A map can convey crowd data:

Internet usage in the years 2000 (above) and 2007 (below), courtesy of World Mapper

A map can be satirical:

Maps courtesy of the Mapping Stereotypes project by Yanko Tsvetkov, otherwise known as Alphadesigner

A map can be hopeful:

Global map looking towards 2050, produced for the WWF Energy Report by Dutch architecture studio OMA / AMO

A map can be simultaneously historical, mournful and beautiful:

Aboriginal Australia

What did we learn?

A map is not merely a means by which to communicate navigational information, it is itself a receptacle of social, cultural and political nuance. It tells us as much about the how and who of its creation as its what. A map is both time capsule and crystal ball.

Mystery meat navigation

What is it?

Mystery meat navigation (MMN) is a term coined in 1998 by author and web designer, Vincent Flanders, to “describe a visually attractive but concurrently inefficient or confusing user interface. Such interfaces lack a user-centred design, emphasising aesthetic appearance, white space and the concealment of relevant information over basic functionality. The epithet ‘mystery meat’ refers to the meat products often served in American public school cafeterias whose forms have been so thoroughly reprocessed that their exact types can no longer be identified. Like them, the methods of MMN are clear to the producer but baffling to the consumer.”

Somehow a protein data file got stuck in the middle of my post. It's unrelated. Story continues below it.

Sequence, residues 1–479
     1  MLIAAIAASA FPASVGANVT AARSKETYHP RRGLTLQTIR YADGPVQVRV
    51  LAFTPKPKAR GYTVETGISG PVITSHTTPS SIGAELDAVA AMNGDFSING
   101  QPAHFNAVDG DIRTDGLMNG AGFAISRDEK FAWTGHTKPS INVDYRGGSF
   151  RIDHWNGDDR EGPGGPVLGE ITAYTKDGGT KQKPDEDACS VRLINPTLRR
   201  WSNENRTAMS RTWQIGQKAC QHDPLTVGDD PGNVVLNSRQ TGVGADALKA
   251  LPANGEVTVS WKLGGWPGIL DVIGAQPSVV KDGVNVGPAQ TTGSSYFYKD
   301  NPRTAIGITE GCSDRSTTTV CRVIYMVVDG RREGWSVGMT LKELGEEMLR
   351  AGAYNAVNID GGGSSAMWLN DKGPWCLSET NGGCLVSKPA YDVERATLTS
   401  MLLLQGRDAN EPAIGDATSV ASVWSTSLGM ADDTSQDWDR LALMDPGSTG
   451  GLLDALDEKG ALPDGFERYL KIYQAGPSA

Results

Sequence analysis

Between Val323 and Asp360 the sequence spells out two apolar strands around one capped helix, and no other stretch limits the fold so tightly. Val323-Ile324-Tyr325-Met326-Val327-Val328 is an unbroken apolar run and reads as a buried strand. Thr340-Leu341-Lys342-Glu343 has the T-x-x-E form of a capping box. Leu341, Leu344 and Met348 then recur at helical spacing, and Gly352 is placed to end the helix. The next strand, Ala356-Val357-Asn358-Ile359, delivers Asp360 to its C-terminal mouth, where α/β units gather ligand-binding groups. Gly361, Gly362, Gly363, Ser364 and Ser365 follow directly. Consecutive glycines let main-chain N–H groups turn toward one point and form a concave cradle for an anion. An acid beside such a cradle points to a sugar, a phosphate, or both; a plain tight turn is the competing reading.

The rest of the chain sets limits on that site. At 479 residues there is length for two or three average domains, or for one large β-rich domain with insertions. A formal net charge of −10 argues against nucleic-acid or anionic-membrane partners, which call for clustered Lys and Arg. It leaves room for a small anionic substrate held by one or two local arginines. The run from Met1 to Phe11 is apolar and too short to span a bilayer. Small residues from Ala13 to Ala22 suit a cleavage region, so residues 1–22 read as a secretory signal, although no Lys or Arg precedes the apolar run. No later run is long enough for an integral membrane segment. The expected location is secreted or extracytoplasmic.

On his articulately-named website, Web Pages That Suck, Flanders dedicates extensive time and energy exploring the use of MMN in website design, paying particular attention to the architectural industry (here): “for an industry that depends on accuracy and stability, they seem wildly inaccurate and unstable. When it comes to their websites, architects seem to be one floor short of a complete building. They all need to be redesigned.”